How eager would an abortion clinic be to hire people who believe women have no right to kill their unborn babies? What would an abortion facility’s director think about the government forcing the facility to hire such a person?
Abortion advocates would not like it. In the same vein, a pregnancy center, dedicated to providing a pregnant woman the support and resources she needs to protect her unborn baby, does not want to hire an abortion advocate.
A pro-life organization called Evergreen Associates in New York seeks to hire people who support its mission to save the unborn, not destroy the unborn.
New York has a so-called anti-discrimination law that makes women who’ve had abortions a protected class. The law protects medical privacy. Evergreen contends the law violates its First Amendment right to expressive association. CEO Christopher Slattery said that by forcing the organization to hire pro-abortion individuals and women who’ve had abortions (presumably unrepentant women), the law “would obstruct Evergreen’s goal of encouraging expectant mothers to choose life for their unborn children.”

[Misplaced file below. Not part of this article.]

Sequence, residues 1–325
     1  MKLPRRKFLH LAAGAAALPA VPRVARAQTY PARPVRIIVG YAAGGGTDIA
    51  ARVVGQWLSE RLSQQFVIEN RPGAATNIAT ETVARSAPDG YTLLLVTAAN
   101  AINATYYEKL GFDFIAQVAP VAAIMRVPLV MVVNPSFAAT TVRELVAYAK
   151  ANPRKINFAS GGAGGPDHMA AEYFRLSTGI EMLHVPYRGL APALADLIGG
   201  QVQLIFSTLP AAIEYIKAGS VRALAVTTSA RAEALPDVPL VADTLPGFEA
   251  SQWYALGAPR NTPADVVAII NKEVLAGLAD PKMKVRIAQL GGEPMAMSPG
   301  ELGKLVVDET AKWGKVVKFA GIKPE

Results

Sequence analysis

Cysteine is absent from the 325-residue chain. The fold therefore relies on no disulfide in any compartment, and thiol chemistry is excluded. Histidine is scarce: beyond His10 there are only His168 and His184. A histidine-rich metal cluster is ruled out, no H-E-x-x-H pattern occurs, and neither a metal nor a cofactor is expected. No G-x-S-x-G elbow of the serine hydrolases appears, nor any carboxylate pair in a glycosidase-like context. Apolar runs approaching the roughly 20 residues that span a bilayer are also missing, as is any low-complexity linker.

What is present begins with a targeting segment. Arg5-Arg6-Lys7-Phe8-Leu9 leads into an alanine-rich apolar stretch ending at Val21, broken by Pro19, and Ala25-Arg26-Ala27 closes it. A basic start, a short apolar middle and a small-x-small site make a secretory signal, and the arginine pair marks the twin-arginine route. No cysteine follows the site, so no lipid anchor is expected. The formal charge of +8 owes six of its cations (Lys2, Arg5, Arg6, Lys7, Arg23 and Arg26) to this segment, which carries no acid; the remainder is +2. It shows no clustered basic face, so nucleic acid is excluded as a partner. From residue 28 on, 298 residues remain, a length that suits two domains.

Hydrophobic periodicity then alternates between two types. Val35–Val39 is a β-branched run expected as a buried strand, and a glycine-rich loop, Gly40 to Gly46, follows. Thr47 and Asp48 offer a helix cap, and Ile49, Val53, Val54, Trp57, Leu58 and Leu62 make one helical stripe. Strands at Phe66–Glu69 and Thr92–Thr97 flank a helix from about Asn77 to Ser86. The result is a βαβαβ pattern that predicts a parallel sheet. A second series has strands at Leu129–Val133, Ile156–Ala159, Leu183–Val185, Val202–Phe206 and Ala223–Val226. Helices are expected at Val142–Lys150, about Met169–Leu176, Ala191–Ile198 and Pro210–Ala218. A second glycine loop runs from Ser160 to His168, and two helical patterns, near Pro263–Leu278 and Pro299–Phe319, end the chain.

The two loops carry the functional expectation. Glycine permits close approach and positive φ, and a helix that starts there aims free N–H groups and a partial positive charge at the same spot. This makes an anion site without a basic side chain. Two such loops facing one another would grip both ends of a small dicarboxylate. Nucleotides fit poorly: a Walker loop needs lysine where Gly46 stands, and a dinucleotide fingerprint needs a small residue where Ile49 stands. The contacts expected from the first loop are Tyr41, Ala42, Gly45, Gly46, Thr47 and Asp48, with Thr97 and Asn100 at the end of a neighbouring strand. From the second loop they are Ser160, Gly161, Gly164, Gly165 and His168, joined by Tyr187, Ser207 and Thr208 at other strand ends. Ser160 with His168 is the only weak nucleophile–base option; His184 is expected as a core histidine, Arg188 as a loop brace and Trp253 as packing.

A lower court dismissed Evergreen’s lawsuit. Fox News reported that the U.S. Court of Appeals for the Second Circuit last week reversed that ruling. Evergreen can continue its lawsuit.
An organization in the business of protecting unborn babies has to maintain a consistent message and approach that aligns with their pro-life values. One way to ensure this consistency is by hiring only pro-lifers. A private organization has the right to hire individuals who share its beliefs and values — especially an organization with a mission to save the voiceless and the vulnerable.
Maintaining a positive and supportive environment for women confused about whether to keep their children is crucial. Can these women trust a counselor who’s had an abortion herself and/or who might be encouraging her to have an abortion? That’s what abortion clinics are for, not pregnancy centers.
Photo credit: LifeNews.com
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